Affordable. Supports interchangeable lenses. Pinhole capture. Selfie mirror. Powered by AAA batteries. Uses Fujifilm Instax Square film.

Doesn't include flash. Extremely heavy vignette. Black-and-white materials currently unavailable. Clunky controls.

The Lomography Diana Instant Square takes the all-plastic build and low-fi aesthetics of the Diana F+ but uses instant film for immediate gratification.

The Diana camera is a legend—cheap and plastic, but with big medium format negatives. Lomography has long offered kits to convert it from a medium format film camera to one that uses Instax Mini film. But it's a patchwork solution that drops a big part of the Diana's appeal—a square image format. The Lomography Diana Instant Square ($99) is a ground-up design for square-format Fujifilm Instax film, and manages to evoke the same charm as the original. I think there are better choices out there for instant film lovers, especially those with more artistic inclinations, but if the ability to use external lighting and change lenses is key, the Diana is worth a look.

The Diana Instant Square matches the aesthetics of the non-instant version, the Diana F+. It's an all-plastic build—including the lens optics—with a chunky, squarish look and feel. The camera measures about 4.5 by 5.0 by 4.0 inches (HWD) and weighs a pound with batteries and film loaded. Because of the light materials, ejecting film is a particularly noisy operation—the motor used isn't likely any louder than in other Instax Square cameras, but it certainly sounds like it has more volume. It's something you can easily hear in a room, even if there's a good amount of background conversation happening.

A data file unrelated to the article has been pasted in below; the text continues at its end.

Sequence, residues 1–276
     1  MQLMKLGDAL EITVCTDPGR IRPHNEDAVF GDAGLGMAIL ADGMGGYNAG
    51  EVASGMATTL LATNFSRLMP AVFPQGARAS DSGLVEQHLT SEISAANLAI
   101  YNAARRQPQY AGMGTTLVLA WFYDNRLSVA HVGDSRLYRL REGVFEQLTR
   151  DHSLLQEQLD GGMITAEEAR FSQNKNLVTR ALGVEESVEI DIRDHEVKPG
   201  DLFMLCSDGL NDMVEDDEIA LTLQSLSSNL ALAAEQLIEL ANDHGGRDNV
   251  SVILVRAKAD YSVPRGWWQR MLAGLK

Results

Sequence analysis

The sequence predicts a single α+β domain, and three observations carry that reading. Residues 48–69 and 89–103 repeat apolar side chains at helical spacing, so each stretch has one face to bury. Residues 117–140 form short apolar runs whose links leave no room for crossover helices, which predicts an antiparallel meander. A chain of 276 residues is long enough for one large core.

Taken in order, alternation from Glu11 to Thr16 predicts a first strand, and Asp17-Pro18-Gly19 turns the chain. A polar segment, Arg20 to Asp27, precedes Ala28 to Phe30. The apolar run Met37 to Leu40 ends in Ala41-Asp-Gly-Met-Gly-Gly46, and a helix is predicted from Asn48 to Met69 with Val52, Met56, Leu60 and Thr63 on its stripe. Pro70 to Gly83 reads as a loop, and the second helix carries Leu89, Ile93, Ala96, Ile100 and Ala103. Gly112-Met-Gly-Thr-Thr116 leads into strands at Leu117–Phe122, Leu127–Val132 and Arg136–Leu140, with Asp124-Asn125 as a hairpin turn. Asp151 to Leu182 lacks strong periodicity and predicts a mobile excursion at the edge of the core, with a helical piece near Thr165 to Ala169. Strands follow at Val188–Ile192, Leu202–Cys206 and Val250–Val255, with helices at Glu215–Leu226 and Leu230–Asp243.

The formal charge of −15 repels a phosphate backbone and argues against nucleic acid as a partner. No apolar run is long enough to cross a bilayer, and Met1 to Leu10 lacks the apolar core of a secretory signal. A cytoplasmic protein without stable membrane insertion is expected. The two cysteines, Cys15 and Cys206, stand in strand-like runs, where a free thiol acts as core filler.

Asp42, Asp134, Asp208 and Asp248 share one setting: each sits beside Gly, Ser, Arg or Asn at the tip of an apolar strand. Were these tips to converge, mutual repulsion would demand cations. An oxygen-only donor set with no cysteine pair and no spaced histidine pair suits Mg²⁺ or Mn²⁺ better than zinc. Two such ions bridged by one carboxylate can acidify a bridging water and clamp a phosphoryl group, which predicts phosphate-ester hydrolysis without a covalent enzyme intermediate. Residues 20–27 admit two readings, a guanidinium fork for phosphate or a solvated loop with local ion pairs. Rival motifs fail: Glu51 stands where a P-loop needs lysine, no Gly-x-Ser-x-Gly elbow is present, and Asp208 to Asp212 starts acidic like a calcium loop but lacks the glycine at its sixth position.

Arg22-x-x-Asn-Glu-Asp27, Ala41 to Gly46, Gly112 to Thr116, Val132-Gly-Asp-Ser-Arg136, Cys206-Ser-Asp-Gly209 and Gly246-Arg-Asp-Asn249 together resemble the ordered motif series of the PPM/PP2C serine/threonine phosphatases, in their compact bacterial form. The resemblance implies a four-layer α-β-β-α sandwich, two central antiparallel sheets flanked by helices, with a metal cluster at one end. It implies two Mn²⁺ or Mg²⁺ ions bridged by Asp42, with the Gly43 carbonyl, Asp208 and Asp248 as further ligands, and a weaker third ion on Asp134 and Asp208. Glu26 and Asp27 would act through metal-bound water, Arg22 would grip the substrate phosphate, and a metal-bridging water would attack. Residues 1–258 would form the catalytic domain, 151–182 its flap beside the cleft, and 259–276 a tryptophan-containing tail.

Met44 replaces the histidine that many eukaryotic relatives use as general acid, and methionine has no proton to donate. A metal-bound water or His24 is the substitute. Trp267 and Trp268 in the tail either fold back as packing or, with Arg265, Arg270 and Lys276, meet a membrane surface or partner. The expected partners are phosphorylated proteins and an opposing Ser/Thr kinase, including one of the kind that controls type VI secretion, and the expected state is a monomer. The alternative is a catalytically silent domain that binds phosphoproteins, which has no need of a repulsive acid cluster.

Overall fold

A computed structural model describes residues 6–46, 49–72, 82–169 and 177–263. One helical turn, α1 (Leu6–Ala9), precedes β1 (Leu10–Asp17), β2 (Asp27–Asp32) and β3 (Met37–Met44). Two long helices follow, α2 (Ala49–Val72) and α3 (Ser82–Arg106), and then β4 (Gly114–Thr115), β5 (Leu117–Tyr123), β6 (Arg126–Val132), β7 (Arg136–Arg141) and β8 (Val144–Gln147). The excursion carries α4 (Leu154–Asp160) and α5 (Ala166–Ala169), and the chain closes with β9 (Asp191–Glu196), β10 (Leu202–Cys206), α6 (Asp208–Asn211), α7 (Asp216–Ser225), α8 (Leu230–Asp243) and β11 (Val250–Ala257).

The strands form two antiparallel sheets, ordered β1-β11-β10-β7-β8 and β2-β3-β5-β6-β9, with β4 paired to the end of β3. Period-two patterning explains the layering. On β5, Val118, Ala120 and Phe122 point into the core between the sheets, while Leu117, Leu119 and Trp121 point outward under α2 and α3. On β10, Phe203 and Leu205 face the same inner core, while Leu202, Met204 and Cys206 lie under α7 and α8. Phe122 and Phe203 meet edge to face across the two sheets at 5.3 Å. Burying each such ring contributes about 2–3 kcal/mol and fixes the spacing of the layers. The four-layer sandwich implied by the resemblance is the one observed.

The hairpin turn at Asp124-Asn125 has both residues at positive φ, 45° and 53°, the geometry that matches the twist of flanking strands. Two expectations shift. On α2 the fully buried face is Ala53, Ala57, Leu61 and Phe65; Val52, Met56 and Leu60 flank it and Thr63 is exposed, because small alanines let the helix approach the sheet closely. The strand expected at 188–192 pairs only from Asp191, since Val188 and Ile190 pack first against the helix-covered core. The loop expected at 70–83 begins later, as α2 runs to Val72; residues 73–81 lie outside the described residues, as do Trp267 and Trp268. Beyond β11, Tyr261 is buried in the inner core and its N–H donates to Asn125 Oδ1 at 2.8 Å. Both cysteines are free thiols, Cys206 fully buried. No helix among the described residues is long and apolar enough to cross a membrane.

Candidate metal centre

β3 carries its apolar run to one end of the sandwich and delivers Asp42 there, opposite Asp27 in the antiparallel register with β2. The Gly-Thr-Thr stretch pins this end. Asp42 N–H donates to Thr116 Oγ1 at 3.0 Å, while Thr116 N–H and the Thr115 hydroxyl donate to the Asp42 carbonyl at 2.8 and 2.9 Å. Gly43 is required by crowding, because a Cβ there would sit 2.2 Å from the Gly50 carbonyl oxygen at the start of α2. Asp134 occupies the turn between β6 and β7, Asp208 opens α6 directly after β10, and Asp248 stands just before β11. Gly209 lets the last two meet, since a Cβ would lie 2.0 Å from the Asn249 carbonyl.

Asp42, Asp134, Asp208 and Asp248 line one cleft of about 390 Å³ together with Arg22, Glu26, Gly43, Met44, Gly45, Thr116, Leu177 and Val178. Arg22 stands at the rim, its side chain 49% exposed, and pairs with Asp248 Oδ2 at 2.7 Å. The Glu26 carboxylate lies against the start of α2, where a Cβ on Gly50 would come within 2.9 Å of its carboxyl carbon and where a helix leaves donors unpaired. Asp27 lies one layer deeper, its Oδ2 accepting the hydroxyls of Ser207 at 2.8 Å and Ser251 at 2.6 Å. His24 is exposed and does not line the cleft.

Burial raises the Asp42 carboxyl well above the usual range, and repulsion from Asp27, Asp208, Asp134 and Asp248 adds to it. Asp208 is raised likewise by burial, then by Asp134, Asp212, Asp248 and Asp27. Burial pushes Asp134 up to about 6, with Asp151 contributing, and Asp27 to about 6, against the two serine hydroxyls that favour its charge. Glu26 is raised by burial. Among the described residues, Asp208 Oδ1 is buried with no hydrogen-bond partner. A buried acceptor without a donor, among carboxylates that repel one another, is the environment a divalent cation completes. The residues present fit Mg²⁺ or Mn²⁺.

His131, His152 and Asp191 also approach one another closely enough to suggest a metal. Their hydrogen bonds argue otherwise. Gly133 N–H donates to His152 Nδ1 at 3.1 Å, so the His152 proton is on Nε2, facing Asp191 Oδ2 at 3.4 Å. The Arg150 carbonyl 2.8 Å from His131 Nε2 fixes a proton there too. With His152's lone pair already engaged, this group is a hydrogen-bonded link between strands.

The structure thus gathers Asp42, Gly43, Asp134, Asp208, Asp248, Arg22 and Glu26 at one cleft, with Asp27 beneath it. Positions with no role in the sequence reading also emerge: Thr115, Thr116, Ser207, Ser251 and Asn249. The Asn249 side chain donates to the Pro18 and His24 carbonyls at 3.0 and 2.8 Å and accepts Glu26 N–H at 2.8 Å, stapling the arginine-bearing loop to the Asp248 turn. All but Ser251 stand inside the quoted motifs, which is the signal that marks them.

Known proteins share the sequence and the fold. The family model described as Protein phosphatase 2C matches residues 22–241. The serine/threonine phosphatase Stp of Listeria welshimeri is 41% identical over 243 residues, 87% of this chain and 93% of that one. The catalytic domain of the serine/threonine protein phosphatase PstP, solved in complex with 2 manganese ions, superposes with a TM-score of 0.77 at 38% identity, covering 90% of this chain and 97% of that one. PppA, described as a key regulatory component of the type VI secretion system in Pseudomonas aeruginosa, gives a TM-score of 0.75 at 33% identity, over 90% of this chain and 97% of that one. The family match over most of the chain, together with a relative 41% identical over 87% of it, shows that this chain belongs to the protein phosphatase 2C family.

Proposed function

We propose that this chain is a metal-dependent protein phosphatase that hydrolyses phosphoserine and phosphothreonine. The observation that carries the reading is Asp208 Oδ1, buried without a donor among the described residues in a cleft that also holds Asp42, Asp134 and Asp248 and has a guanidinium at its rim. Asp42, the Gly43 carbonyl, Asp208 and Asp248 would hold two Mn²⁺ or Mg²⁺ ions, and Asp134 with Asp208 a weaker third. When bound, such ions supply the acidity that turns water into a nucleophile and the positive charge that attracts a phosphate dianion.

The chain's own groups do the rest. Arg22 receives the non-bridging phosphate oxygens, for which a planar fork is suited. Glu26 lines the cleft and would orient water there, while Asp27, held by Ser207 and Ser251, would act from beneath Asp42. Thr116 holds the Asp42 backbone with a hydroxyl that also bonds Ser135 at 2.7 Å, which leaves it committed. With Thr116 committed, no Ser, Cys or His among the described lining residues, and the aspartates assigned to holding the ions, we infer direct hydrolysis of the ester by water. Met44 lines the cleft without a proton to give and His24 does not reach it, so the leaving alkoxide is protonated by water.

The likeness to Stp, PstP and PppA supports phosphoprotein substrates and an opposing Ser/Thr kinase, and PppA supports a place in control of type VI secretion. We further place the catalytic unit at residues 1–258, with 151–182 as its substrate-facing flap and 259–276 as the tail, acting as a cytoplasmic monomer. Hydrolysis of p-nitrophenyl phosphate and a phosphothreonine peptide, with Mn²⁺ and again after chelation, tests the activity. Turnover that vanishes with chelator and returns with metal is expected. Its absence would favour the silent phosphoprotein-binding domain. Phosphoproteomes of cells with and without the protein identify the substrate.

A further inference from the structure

The standard version of the camera, which we received for review, features a two-tone color scheme—black on the bottom and teal on top. It's also available in the premium Adriano finish, which replaces the black with a more colorful pattern made up of light and reddish brown hues. It sells at a $10 premium, a reasonable cost if you like the way it looks.

The basic Diana kit doesn't include a flash, though it does ship with a removable hot shoe so you can use your own. I would never recommend buying this camera without a flash. So really, consider the price to be $129, which is what you'll pay to get the standard edition ($139 for the Adriana) with a bundled flash. You will absolutely need to use the flash for indoor snapshots.

Charging a bit more for the flash is understandable—and if you have one already, you can use it. I used the flash that shipped with the Diana F+ for my indoor snaps. It doesn't offer control over power, so you can end up with overexposed shots when working close to the minimum focus distance, even though the Diana's lens opens up to f/11 at the brightest.

Ergonomics aren't great. Focus is done via the removable lens, but you have to reach into the center to set its position—it's marked for 1 to 2 meters, 2 to 4 meters, or 4 meters through infinity. There are no detents to the manual focus system, so it's best to visually confirm where you've got the lens set before snapping a photo.

The shutter release is a metal arm, on the right side of the fixed segment of the lens barrel. It's joined by the shutter setting at the top—there's N for Normal, a fixed 1/100-second exposure, and B for Bulb, which will keep the shutter open for as long as you hold the lever. It's useful for light painting and other long exposure photography. There is a small plastic tab covering the bare metal lever, but the cover fell off after very light use. The metal isn't sharp, but you can definitely cut yourself if it catches your finger at the right angle.